Coping with the Empty(ing) Nest Inquire Within

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Image by Stephane D’Alu, via Wikimedia Commons

By Chris Little

As mothers who have stepped “off the merry go round,” we’ve made the deliberate decision to set aside a hard-core career for a while so that we could spend more time with our young families. I stopped working full-time right after my first child was born, and while I’ll admit that sometimes I miss having a career to impress people with at parties, I’m thrilled that I’ve been able to spend so much time getting to know my two kids, and that I’ve been able to make sure my family has a calm, well-ordered home—at least some of the time! I think it’s been good for them, and it’s certainly been good for me.

But now my son is 18 and a senior in high school—he’ll head off to college this fall. My daughter, at 15 and a sophomore, isn’t far behind. These days they’re in after-school sports and other activities—typically they don’t get home before 5:30 p.m. The kids just aren’t around as much as they used to be, and I know that over the next few years I’ll see them even less!

So I’m adjusting to the fact that my career as a stay-home mom is drawing to an end, and just as a company man facing retirement naturally takes stock of his past and his future, I’m finding that I’m doing a lot of thinking about who I am and who I’ll be when the kids are fully out of the house. I wonder how other moms have managed this same transition. How do you go about stepping into this next phase of your life?

To find out, I gave my friend Rose Maturo a call—she’s a counselor with a practice not far from here. “I would compare it to a midlife crisis,” she told me. “For a stay-home mom, it’s been all about the kids, but now you have reshape your identity.”

Makes sense, right? We’ve loved being home with the kids, but stepping away from our careers can mean stepping away from our more independent selves, the people we are apart from our roles as parent and spouse. So when the kids, who’ve been so central to our lives and identities, pack up and leave for college, we can be left feeling a bit adrift.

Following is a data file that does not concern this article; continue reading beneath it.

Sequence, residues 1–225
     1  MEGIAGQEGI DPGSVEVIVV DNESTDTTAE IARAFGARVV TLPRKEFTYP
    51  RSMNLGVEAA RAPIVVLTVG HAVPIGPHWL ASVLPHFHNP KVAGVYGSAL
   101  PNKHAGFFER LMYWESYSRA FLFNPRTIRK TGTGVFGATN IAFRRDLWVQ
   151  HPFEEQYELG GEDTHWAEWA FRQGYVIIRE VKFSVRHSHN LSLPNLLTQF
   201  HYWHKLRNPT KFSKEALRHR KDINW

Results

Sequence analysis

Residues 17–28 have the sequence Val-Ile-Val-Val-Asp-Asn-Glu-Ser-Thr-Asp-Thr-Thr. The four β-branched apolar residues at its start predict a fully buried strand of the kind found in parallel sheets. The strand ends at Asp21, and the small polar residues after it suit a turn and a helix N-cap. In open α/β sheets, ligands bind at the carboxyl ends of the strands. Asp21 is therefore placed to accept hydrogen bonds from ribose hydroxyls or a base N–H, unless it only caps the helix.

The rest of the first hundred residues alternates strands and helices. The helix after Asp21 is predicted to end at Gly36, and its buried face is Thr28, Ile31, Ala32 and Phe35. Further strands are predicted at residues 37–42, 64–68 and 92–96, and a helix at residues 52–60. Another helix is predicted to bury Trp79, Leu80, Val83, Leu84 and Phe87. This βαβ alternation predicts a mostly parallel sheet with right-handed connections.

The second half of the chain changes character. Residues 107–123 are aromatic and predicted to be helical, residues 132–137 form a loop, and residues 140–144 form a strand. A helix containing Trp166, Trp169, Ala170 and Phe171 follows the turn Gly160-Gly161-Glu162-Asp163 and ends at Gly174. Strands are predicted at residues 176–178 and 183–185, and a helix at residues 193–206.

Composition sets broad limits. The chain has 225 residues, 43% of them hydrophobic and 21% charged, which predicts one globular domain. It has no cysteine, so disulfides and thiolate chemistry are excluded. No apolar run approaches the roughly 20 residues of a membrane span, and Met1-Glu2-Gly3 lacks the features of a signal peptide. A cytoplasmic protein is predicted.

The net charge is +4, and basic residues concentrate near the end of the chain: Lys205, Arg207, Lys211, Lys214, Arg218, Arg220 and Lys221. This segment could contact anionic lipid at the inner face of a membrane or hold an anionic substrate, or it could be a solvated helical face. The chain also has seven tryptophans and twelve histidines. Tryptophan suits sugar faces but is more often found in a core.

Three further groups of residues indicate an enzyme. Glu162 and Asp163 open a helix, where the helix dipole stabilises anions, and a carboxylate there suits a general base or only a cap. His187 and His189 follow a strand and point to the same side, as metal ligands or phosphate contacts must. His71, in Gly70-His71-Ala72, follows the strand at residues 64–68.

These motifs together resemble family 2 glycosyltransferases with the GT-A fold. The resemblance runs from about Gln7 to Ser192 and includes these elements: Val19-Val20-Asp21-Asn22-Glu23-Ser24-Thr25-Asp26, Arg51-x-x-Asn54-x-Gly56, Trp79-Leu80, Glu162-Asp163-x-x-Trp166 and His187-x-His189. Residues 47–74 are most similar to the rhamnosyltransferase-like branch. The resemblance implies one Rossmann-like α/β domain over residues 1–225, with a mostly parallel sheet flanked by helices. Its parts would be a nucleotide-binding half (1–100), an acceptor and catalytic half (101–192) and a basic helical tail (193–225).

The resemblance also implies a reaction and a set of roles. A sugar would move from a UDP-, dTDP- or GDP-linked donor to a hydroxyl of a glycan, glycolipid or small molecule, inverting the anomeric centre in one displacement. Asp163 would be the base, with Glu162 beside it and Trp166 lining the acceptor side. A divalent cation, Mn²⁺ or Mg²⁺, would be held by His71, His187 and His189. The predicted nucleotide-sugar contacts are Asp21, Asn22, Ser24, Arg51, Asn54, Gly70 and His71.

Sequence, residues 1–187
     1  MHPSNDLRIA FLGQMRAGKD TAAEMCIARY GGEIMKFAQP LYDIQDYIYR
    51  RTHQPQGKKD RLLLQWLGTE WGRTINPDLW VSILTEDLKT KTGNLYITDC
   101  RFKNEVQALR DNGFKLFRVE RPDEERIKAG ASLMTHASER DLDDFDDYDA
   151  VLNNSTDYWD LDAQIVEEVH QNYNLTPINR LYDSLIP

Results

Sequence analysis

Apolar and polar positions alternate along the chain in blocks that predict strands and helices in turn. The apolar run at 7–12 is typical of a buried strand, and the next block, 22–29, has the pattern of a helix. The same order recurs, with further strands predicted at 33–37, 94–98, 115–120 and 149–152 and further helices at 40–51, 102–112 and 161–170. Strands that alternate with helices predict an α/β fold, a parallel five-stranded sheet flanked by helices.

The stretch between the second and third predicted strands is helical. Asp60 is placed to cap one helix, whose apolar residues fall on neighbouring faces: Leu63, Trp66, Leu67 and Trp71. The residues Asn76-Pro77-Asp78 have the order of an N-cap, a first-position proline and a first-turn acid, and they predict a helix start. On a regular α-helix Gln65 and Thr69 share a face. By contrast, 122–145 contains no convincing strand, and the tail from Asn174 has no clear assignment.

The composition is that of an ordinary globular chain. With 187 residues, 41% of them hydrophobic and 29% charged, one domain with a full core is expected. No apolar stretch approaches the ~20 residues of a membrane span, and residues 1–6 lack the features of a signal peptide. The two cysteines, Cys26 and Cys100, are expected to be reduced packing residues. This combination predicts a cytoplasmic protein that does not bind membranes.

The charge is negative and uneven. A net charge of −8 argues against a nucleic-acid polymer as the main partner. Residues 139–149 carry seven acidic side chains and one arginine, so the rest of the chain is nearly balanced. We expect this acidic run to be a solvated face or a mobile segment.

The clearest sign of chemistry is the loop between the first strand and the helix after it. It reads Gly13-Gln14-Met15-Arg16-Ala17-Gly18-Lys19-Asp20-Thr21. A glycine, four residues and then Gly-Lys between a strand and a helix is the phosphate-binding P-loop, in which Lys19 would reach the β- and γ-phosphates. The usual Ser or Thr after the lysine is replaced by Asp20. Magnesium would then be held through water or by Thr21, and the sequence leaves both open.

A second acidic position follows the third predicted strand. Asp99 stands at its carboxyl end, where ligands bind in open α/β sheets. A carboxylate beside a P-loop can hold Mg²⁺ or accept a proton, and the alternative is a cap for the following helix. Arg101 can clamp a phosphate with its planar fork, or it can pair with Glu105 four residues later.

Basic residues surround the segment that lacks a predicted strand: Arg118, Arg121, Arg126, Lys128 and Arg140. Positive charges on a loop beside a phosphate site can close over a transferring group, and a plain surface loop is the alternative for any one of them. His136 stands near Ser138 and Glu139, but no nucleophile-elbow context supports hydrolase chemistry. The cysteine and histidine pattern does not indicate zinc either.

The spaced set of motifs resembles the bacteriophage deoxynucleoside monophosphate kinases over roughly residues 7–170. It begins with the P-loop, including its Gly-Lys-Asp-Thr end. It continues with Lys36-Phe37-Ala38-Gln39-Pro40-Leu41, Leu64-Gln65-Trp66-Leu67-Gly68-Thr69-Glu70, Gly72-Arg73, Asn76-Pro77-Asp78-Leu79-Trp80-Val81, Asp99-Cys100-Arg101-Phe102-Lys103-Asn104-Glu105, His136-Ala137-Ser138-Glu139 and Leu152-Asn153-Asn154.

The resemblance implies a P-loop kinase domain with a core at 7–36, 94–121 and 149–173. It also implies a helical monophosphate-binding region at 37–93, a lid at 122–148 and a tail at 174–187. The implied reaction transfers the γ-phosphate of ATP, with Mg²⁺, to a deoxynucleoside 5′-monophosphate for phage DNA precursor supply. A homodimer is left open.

“It’s a process of redefining yourself and your life,” Rose said. “In some cases, it’s getting to know yourself again, your likes and dislikes and dreams and hopes and wishes.”

But how to go about doing all that redefining and rediscovering? “It’s a journey inward,” Rose told me. “Journaling is really helpful because when you get past all the day-to-day stuff you can get to a deeper level with yourself. The same is true with meditation and reflection, anything from taking a walk to doing something on an artistic level.”

Rose suggested a few books that can also help along the journey:

The Artist’s Way, by Julia Cameron
What Color is Your Parachute, by Richard N. Bolles
Passages: Predictable Crises of Adult Life, by Gail Sheehy

But even more important than reading is talking, Rose told me. Talk with your friends about your feelings, talk with your spouse (who may have strong feelings of his own as the kids move on). But just as importantly, talk with your kids. “The relationship with your kids isn’t going to end,” she said. “A lot of moms think ‘my kids don’t need me anymore.’ But they do, it’s just in a different way. You can’t stop being a mom. And keeping in touch with your kids and keeping interested in their lives can ease the transition.”

A caveat: While many women embrace the freedom and opportunities this new phase of life presents, Rose warns that it’s not unheard of for women to fall into depression as the kids leave home. So certainly, if you find yourself stuck in a dark place, talk with someone about getting help.

But for most of us, this can be an exciting (though sometimes bittersweet) phase of life. I like the idea of taking some time to redefine myself and my life as I move into these empty(ing)-nest years and prepare for a less child-focused existence. In my next post I’ll explore another strategy: Expanding your circle of concern to include your community through volunteer work!

In the meantime, how are you going about preparing for “retirement,” that is, your life after kids-at-home?

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21 thoughts on “Coping with the Empty(ing) Nest Inquire Within